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Beyond mitigation: forest-based adaptation to climate change


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Forests and climate change adaptation are linked in two ways: first, through
adaptation for forests, because climate change will affect forests and so
they need help to adapt; second, through forests for adaptation, because
forests contribute to helping local communities and broader society adapt to
climate change. Both linkages are explored in this presentation, together
with the synergies between climate change mitigation and adaptation in
forestry projects. The possibilities and challenges in these ideas are
explored by using wetlands as a case in point. CIFOR and CIRAD scientist
Bruno Locatelli and colleague Emilia Pramova gave this presentation at the
FAO-UNEP Meeting on Forests and Climate Change Adaptation in Asia during October 2011 in Bangkok, Thailand.

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Beyond mitigation: forest-based adaptation to climate change

  1. 1. Beyond Mitigation: Forest-Based Adaptation to Climate ChangeBruno Locatelli (CIRAD-CIFOR) and Emilia Pramova (CIFOR) FAO and UNEP Meeting on Forests and Climate Change Adaptation in Asia, 26 October 2011, BangkokTHINKING beyond the canopy
  2. 2. Outline1. Introduction2. Adaptation for forests3. Forests for adaptation4. Links between adaptation and mitigation5. Example: Wetland ecosystems THINKING beyond the canopy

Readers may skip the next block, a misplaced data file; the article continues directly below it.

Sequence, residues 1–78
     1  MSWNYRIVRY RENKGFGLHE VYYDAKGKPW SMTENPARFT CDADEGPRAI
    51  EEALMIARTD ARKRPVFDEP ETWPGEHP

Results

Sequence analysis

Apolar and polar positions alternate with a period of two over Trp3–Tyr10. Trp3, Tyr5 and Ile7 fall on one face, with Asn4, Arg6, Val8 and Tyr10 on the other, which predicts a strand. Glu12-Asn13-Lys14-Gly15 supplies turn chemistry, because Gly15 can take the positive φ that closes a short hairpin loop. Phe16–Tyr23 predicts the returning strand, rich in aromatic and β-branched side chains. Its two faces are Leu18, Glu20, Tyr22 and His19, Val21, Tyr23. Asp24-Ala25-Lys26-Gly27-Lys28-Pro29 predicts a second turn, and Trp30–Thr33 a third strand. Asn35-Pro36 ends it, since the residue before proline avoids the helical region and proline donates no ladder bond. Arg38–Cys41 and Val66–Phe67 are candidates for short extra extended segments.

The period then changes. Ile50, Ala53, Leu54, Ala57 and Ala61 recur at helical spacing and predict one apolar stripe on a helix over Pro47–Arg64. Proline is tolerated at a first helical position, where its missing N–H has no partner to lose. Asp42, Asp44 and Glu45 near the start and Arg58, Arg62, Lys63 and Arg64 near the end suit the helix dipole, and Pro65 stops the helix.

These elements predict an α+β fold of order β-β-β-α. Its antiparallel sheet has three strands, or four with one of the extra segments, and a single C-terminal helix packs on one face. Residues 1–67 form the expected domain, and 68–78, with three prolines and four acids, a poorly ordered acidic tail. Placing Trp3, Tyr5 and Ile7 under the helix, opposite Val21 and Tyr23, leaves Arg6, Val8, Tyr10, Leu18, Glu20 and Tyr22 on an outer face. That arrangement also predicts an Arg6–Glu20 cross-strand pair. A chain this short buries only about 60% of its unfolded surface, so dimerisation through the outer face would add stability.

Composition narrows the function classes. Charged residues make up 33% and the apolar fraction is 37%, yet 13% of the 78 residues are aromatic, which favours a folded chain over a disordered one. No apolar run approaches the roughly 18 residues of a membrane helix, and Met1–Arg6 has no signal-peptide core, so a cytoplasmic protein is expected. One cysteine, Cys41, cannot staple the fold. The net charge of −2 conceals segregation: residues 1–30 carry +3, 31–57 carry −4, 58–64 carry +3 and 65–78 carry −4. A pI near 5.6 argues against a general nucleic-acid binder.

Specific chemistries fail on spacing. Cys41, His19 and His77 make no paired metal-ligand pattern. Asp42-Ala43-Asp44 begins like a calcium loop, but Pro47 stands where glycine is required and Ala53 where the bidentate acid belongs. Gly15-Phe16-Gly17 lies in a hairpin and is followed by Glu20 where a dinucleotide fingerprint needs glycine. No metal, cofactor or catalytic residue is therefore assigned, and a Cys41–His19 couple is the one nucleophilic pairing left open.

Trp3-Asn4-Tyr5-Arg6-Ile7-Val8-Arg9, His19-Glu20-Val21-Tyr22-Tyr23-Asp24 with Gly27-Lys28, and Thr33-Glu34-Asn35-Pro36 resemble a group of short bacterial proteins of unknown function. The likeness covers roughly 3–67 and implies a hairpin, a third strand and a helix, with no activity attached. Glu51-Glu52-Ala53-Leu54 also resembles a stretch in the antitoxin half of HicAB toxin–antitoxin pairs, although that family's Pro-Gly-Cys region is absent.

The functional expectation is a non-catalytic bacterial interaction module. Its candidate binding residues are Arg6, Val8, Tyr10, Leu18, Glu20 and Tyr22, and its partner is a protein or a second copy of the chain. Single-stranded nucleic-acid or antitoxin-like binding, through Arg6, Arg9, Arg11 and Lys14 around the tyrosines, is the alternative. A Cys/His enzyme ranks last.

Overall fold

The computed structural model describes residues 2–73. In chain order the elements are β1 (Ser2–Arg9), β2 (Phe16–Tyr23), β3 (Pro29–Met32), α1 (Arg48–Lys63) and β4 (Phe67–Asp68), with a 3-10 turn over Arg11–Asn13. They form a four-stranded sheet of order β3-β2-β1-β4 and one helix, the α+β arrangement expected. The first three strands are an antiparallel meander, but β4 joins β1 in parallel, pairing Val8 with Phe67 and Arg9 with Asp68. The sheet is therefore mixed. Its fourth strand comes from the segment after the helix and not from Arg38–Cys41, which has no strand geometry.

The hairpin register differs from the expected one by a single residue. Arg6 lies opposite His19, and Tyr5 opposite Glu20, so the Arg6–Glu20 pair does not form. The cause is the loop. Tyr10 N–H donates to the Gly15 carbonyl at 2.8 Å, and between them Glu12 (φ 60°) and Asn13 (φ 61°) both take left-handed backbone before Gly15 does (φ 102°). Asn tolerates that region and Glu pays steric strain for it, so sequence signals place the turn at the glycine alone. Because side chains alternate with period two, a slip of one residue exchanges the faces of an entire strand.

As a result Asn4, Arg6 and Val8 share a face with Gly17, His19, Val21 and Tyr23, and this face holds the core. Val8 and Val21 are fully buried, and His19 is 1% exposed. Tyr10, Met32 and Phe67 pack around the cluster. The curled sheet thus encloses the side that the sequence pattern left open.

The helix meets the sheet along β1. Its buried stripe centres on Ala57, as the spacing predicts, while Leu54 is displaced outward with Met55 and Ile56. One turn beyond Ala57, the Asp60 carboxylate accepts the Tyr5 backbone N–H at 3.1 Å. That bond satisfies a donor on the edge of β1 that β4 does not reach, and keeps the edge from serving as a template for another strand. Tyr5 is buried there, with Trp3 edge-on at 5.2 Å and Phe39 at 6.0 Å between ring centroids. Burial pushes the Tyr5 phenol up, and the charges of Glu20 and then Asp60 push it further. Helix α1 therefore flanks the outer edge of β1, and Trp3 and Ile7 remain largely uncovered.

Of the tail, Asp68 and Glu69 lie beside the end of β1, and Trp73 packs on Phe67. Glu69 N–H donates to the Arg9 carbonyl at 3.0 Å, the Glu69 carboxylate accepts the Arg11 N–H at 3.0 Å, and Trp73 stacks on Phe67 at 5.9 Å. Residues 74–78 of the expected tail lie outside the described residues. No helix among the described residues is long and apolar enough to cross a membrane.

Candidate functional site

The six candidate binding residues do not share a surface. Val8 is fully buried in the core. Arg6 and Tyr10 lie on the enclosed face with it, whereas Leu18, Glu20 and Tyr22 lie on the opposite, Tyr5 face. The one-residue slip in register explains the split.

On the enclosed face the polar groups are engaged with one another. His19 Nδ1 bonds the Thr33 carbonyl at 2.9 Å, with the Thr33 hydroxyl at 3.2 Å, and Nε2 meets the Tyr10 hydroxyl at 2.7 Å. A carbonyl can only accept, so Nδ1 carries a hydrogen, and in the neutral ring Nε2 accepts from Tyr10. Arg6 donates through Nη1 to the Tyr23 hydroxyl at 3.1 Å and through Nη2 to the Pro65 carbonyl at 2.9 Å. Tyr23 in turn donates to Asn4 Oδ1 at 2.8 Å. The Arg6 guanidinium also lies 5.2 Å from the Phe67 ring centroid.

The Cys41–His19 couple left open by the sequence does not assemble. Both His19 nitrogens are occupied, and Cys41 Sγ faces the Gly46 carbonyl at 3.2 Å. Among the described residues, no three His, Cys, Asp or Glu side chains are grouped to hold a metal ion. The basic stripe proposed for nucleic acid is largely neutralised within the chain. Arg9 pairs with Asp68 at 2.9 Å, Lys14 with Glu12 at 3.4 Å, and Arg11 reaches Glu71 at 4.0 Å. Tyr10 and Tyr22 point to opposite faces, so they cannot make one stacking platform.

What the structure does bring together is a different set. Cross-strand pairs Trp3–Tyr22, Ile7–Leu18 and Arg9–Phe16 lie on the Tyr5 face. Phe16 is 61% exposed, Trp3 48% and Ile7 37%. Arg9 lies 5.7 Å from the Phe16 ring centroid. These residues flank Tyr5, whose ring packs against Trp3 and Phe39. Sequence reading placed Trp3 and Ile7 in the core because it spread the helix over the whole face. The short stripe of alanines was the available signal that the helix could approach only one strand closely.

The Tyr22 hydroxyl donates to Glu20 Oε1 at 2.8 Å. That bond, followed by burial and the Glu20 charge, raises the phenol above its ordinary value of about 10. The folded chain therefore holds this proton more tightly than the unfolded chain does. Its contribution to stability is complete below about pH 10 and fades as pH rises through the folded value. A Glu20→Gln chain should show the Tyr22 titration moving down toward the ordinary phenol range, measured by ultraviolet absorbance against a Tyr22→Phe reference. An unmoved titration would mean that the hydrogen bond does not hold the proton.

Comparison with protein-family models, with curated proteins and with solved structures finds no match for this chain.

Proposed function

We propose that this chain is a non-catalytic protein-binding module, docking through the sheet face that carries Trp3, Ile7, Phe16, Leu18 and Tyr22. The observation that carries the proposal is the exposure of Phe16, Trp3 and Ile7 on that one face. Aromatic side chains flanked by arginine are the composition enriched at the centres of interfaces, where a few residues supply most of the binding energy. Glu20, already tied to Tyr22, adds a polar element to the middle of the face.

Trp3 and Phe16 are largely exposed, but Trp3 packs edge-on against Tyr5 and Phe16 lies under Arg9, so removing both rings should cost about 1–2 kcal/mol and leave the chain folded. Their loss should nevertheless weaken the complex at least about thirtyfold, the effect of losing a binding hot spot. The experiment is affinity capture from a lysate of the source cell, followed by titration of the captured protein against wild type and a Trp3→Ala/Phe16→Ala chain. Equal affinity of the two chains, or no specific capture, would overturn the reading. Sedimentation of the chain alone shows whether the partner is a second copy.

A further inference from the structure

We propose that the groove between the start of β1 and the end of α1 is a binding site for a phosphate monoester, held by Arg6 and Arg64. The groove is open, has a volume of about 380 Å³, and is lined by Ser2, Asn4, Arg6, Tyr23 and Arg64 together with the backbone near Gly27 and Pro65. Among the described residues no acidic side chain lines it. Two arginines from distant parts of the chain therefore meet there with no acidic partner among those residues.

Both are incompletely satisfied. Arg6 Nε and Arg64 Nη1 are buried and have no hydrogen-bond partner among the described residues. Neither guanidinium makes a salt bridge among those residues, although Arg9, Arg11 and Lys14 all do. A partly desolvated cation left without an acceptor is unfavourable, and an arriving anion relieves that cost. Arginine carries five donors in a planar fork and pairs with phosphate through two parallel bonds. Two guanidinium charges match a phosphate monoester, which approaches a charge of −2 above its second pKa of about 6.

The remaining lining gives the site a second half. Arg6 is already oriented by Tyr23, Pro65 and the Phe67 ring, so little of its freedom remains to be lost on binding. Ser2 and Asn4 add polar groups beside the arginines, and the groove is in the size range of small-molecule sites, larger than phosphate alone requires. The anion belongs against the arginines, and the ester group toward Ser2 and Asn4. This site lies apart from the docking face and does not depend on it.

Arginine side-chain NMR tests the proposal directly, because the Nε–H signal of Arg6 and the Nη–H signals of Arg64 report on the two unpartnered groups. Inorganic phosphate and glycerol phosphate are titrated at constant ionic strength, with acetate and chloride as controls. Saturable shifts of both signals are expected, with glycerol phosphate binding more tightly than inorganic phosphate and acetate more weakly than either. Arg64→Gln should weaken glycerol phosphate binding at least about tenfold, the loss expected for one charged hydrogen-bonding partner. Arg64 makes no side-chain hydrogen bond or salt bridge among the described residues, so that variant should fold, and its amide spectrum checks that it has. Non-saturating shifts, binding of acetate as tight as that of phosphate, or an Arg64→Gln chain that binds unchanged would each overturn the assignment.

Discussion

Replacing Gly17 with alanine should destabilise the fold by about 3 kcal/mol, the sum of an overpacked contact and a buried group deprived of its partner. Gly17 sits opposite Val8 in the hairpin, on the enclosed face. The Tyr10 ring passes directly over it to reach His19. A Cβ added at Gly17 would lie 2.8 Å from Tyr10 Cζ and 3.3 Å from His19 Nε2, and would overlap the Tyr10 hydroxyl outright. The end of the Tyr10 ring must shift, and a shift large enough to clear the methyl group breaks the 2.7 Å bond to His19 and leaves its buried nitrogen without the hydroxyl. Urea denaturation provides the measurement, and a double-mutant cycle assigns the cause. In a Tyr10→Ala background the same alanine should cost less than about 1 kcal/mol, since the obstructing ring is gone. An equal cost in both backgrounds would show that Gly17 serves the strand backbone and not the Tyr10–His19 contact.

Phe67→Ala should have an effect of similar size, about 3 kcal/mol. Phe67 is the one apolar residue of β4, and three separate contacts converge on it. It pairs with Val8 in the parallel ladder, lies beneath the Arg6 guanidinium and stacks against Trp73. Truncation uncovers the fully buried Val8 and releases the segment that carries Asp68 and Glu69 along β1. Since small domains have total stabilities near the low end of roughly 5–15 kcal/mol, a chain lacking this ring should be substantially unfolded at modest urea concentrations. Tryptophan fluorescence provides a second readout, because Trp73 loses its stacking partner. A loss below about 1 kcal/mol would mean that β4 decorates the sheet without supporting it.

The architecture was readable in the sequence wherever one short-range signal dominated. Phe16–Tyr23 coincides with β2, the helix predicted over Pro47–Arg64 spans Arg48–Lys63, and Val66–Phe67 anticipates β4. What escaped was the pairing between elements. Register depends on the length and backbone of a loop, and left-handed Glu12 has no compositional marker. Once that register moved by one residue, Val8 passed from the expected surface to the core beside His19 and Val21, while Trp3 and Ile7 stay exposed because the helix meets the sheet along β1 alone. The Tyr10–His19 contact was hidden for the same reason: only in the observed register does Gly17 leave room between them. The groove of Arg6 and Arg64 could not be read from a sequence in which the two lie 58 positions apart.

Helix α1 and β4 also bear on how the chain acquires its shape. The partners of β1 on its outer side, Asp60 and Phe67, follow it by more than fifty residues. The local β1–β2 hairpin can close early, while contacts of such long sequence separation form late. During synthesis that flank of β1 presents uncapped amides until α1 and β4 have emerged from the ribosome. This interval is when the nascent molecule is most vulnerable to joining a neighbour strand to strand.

3. 3. 1. Introduction THINKING beyond the canopy
  4. 4. Strategies for climate change  Mitigation and adaptation: Different objectives Adaptation:Mitigation: To moderateTo reduce harm or exploitemissions or beneficialenhance sinks opportunities THINKING beyond the canopy
  5. 5. Linkages between forests and adaptation are twofold Adaptation for forests • Climate change will affect forests • Adaptation measures needed for forests New challenges -> understanding impacts, adapting management Forests for adaptation • Forest ecosystems contribute to social adaptation • They provide ecosystem services that reduce the vulnerability of local communities and the broader society New challenges -> forests in adaptation of sectors outside of the forest sector (Locatelli et al., 2010) THINKING beyond the canopy
  6. 6. Should we pursue ‘forests for adaptation’ and ‘adaptation for forests’ together?For ensuring that forests contribute When immediate pressures onto the adaptation of society (1), forests are addressed, a longersustainable management must first term perspective and CC can bebe achieved (2). considered (2) (Locatelli, B 2011)
  7. 7. 2. Adaptation for forests THINKING beyond the canopy
  8. 8. Why adaptation for forests? Climate change expected to cause significant shifts in the distribution of tropical forests and disturbance patterns Non‐climatic pressures, such as forest conversion and fragmentation, increase the vulnerability of tropical forests THINKING beyond the canopy
  9. 9. Components of the exposure andsensitivity of forest ecosystems (after Johnston and Williamson 2007). THINKING beyond the canopy